Okay, hands up if you’re struggling with making change within your organisation?

The greatest challenge in the change management is making people care about the message that we are telling them. This isn’t an easy thing to do – especially in organisations, where people are swamped with daily work activities.

Most people just want to get on with their daily routine and maintain status quo. It’s not that people are lazy. They just need to be convinced that the change is worth their attention and energy.

So the question for us – the people who roll-out change in organisation – is how to grab people’s attention and tell an engaging story. To me, the answer is by launching great marketing campaigns to initiate the change effort.

Posters and a website are the foundation for a good marketing campaign, because they create greater awareness and inform people on the reason behinds the change effort. To have a great marketing campaign, however, you need to produce fantastic videos.

The Power of Videos

In recent years, more people and organisations are using videos as a change management tools, because videos are the best medium to store and convey stories – especially the emotional elements of the story.

Take for example, KONY 2012. It is a successful viral campaign that calls people to take (simple) action to stop Joseph Kony. (if you don’t know who he is and you don’t care, then I was at the same boat with you – before I watched the video clip below).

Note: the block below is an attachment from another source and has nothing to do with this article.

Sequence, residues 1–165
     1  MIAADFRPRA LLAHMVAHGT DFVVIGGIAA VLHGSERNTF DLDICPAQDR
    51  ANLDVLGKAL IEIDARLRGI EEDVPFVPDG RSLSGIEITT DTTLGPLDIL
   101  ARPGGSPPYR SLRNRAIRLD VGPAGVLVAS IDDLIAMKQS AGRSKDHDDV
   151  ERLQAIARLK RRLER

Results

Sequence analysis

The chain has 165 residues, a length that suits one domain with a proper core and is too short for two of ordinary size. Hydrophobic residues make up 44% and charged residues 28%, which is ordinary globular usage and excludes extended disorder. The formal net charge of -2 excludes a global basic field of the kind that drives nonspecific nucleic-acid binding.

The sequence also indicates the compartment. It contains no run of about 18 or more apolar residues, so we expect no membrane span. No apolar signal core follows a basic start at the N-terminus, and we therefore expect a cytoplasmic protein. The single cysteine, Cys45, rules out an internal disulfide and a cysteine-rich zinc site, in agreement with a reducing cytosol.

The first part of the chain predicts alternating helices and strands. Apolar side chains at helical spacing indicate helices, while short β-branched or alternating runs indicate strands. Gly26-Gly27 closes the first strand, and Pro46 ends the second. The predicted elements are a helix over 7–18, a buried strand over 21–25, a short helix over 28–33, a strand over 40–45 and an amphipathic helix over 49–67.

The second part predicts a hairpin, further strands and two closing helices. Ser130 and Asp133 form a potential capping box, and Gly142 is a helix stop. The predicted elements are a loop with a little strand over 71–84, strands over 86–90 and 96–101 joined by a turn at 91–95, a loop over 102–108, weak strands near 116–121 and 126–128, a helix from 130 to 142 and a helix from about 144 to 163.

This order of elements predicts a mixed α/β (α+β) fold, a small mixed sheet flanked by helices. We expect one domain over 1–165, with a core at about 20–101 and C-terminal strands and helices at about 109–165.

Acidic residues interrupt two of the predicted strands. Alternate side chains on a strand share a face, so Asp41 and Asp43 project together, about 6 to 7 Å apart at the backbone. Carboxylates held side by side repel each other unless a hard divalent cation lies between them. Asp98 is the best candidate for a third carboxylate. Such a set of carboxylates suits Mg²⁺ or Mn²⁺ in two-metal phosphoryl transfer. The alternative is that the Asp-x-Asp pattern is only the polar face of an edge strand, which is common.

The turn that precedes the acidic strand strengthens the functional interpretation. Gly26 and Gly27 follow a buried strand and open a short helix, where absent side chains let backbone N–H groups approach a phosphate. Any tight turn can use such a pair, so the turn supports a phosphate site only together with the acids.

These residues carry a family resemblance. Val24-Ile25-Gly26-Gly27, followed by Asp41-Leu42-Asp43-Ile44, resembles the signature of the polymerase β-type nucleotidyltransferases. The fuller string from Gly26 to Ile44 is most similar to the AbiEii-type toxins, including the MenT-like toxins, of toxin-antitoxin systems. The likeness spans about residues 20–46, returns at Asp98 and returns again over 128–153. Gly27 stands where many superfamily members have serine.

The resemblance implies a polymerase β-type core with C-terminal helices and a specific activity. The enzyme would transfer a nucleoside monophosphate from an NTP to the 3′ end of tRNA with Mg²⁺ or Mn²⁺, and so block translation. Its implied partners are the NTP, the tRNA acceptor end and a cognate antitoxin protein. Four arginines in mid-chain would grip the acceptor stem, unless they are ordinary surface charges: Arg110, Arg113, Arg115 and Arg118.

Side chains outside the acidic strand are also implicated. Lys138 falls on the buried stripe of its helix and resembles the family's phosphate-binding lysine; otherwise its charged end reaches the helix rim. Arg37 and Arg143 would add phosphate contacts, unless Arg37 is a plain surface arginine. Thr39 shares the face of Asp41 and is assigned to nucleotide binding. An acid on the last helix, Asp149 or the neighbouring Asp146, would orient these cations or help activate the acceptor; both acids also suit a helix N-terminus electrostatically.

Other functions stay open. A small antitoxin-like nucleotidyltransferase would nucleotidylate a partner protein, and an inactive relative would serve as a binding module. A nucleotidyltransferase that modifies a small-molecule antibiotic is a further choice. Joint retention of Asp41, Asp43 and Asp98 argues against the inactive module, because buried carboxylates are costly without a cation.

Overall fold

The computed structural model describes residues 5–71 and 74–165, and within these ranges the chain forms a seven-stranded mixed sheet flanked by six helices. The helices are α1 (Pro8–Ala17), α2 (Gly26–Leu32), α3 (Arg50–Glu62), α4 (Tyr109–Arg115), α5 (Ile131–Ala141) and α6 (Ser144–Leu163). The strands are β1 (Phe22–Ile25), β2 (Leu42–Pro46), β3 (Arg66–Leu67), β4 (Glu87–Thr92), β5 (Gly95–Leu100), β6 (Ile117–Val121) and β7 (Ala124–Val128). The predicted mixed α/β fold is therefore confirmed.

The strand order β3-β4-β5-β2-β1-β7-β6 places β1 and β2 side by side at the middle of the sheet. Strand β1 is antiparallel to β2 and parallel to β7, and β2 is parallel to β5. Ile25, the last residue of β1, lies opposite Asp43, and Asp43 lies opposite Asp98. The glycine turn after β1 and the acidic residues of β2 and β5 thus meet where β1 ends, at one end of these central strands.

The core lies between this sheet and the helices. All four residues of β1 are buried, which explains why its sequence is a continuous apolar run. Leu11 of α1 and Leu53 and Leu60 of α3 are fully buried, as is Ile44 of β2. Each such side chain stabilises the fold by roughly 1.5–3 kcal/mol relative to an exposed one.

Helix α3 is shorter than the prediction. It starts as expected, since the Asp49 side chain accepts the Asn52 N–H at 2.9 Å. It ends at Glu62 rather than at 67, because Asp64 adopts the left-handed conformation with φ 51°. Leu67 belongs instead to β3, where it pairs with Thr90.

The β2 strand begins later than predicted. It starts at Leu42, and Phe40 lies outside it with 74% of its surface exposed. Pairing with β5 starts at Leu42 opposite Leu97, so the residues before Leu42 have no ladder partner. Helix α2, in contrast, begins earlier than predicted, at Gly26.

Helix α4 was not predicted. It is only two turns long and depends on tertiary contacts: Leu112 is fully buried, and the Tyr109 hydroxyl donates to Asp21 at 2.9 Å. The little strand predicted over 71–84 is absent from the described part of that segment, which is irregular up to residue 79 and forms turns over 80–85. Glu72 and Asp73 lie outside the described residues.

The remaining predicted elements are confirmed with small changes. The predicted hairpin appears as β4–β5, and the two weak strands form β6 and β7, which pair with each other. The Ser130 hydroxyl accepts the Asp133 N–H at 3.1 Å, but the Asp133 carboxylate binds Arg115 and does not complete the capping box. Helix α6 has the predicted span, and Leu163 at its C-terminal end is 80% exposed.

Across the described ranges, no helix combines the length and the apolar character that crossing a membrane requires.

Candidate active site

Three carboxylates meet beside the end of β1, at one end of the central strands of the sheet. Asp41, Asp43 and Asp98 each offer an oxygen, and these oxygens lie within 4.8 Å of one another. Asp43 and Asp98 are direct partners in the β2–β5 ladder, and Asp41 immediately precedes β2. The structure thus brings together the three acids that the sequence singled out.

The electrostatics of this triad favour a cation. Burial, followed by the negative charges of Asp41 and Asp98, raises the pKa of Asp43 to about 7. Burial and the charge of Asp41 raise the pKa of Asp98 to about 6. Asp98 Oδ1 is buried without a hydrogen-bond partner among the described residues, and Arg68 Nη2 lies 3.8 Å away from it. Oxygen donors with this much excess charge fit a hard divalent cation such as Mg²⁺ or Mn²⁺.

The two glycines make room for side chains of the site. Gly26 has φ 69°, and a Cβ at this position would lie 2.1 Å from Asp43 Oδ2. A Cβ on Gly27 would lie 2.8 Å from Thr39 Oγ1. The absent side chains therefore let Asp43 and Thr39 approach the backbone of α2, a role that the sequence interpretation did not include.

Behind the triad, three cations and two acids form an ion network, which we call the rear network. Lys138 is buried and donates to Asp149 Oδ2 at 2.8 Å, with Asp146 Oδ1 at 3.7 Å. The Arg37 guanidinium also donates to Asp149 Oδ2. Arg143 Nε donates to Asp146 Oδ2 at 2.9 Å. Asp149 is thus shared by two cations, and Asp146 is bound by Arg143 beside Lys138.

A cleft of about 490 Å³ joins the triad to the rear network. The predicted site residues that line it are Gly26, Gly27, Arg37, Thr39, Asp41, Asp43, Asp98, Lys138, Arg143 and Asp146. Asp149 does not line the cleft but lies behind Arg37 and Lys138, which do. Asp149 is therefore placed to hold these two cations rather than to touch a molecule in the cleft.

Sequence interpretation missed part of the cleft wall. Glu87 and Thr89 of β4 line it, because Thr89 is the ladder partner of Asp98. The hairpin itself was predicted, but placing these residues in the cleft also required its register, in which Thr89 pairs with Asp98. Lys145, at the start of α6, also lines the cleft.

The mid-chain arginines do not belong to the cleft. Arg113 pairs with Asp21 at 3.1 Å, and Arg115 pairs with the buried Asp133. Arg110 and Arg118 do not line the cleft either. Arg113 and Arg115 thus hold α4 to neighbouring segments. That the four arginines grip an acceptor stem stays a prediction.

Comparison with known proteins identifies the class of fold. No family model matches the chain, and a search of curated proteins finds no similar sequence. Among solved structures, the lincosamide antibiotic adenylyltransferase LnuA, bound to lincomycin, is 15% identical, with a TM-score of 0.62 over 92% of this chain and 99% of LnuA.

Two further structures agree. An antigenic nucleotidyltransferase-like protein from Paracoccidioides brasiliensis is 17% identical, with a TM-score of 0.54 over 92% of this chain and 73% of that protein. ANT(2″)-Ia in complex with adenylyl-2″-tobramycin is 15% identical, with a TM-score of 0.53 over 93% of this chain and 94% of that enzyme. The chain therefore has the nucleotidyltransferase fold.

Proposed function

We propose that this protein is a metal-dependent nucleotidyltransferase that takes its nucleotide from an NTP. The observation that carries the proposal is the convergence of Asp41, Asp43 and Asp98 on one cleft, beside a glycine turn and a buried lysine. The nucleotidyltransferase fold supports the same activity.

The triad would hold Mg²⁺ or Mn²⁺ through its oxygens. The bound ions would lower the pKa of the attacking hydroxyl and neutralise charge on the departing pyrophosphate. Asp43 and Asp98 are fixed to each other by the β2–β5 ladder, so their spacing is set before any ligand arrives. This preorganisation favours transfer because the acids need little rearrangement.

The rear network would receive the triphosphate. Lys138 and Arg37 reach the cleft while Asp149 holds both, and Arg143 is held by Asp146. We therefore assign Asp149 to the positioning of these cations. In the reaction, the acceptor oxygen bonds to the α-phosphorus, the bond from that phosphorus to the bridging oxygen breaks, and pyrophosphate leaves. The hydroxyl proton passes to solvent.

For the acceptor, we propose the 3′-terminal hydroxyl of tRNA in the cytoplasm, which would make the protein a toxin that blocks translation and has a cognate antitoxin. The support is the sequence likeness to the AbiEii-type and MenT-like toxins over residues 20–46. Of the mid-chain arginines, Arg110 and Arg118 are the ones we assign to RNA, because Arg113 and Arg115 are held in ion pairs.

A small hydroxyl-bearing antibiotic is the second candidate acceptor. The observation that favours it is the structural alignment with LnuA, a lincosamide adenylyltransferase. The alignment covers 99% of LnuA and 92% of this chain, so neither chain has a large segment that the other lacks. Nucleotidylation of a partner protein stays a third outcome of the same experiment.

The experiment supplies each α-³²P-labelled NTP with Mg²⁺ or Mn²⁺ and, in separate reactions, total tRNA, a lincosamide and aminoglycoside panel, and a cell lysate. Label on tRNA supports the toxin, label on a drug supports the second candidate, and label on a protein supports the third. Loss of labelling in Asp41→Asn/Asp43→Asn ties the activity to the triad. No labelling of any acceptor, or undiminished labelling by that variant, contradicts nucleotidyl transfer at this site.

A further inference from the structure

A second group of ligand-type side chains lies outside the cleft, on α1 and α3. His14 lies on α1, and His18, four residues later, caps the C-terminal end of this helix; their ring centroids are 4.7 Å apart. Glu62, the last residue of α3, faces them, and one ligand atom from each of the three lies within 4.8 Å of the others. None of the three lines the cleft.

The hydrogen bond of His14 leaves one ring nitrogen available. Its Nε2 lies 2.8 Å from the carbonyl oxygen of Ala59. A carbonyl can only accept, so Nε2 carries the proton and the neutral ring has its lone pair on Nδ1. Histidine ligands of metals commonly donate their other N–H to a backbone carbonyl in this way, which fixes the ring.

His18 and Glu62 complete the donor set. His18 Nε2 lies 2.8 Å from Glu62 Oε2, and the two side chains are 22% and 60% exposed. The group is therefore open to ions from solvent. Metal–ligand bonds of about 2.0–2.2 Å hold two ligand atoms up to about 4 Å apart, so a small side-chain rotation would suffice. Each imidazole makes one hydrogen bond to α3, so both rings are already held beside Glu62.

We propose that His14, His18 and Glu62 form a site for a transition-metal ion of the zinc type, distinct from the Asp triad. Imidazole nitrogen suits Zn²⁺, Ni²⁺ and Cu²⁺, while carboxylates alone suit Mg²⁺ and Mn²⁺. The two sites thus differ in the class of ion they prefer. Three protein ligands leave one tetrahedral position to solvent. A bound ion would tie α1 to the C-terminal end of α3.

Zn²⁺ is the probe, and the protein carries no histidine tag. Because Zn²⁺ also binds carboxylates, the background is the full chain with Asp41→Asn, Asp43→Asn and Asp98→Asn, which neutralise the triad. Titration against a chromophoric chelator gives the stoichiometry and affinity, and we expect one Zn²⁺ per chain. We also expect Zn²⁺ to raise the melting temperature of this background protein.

Here is another brilliant example of the use of video as a storytelling tool: the trailer of the movie, Prometheus. By using real event brand – TED – and projecting it into the future, i.e. year 2023, we are unconsciously drawn into the story. It’s akin to getting invitation to participate in the future – told by the movie.

Why the Adoption of Video Has Accelerated

The use of video has been increasingly important over the years, and will be critical in change effort in the future, for at least two reasons. First, the effort and cost to produce and to host videos have been steadily decreasing over the years. Second, the technology to support the consumption of videos, such as broadband internet, mobile platforms like iPad / iPhone, and sharing tools (i.e. social technology) is widely available.

Even within the organisation, the infrastructure for hosting videos can be easily acquired and it is now more affordable to invest in such technology. In sharepoint 2010-based intranet, you can consider Kontiki enterprise to host and distribute videos.

In short, the time is ripe to make use of video as the leading tool in change initiative. By not investing time / effort in producing videos and not investing in infrastructure, organisations are making change more difficult. And these organisations are not agile, are less innovative, and will get left behind.

Thoughts?

Further Readings

Bailyn, E. (19 March 2012). The Difference Between Slacktivism and Activism: How ‘Kony 2012′ Is Narrowing The Gap. Huffington Post

Tsukayama, H. (10 March 2012). Kony 2012: The Anatomy of a Viral Campaign. Washington Post.

Suddath, C. (16 March 2012). Five Reasons the Kony Video Went Viral. Bloomberg Business Week.

Pomerantz, D. (18 April 2012). ‘Prometheus’: When Movie Marketing Goes Very Right. Forbes.

Prometheus Viral Clip: David The Android. Youtube